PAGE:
1,143 Caymanians Out Of Work As Caymanian Unemployment Regresses To March 2022 Economy Reopening Levels

April 26, 2024by editor

April 26, 2024

Video Statement Link: https://www.youtube.com/watch?v=Q72N3RpgRSQ&t=1s

The Economics & Statistics Office recently released various reports giving the September 2023 numbers for Labour and the Economy. These reports provide a useful reference for spotting negative or positive trends in the labour market and the country’s economy.

As we always do, the Progressives examine the ESO’s numbers and explain to the public what they actually show beyond this government’s press releases. Certainly, in terms of the recently released September 2023 Labour Force Survey, there are things to be concerned about.

To start, the rise in overall unemployment rates, which jumped from 2.1% in September 2022 to 3.3% in September 2023, is a concern.

Especially concerning are the Cayman unemployment numbers, which show a marked increase from 3.6% to 5%. This represents 1,143 Caymanians out of work in September last year.

Almost exactly the same as the 1,140 Caymanians unemployed in the March 2022 survey when the economy was recovering from lockdown.
Disappointingly, therefore, eighteen months after the economy reopened, Caymanian unemployment is back to where we started.

I have said over three years that this Government, whether you call it the PACT or UPM, has lacked a coherent strategy for sustainable growth and jobs for Caymanians. You certainly will not find any tangible or meaningful strategy for economic and jobs growth in the government’s own recently released Strategic Priorities report.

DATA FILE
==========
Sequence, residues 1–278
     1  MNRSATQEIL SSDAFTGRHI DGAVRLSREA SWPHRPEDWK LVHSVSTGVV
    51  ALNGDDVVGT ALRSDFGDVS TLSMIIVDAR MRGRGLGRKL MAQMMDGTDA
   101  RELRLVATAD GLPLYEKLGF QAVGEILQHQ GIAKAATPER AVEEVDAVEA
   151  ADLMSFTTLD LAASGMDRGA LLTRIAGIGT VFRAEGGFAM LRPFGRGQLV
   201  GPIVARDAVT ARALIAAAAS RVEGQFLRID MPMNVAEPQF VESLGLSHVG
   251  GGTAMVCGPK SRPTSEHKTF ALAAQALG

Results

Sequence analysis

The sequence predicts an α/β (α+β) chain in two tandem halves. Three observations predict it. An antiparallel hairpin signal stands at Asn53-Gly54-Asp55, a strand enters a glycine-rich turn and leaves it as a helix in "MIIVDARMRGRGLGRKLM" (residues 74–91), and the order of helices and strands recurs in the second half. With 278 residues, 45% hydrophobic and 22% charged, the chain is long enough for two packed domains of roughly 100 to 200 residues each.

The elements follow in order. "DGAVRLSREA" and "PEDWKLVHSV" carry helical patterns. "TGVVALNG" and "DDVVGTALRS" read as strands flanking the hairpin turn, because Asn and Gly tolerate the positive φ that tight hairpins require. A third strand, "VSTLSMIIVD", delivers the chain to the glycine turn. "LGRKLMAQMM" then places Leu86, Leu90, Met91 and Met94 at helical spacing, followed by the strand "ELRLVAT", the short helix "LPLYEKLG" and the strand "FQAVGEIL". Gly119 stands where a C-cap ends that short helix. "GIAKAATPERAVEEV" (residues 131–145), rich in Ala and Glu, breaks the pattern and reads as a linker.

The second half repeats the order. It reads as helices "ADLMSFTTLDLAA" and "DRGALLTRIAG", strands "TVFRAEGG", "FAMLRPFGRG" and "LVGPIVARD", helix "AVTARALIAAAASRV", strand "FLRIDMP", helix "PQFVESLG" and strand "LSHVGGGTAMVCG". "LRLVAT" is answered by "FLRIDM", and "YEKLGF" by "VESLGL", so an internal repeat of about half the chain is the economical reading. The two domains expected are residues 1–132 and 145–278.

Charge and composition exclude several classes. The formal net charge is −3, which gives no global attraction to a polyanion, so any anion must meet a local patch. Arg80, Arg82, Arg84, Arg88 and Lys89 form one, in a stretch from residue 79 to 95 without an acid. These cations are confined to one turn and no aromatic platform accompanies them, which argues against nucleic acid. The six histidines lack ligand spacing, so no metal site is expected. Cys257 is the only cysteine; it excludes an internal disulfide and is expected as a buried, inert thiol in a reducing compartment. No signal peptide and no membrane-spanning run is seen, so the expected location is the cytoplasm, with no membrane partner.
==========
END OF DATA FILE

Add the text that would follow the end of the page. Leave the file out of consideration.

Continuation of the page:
The consequences of the lack of action from this government are clear: rising unemployment, a cost of living crisis, and falling living standards.

No wonder so many Caymanians feel worse off after three years of this government. The high underemployment numbers that we highlighted last year have come down. Until we know more, I note this point with some caution. This could mean Caymanians are getting the work hours they were looking for, but it could also mean that Caymanians working part-time are being put out of work as businesses struggle to stay open by shedding part-time jobs.

It will concern all of us that Caymanian unemployment is increasing and returning to the levels we had as the economy was opening up after the pandemic. It certainly does concern the Opposition that small businesses continue to struggle in the PACT/UPM economy.

We need the government to focus its time and energy on providing the country with a thoughtful strategy to grow the economy and create jobs that benefit Caymanians, not waste time papering over its own internal divisions.

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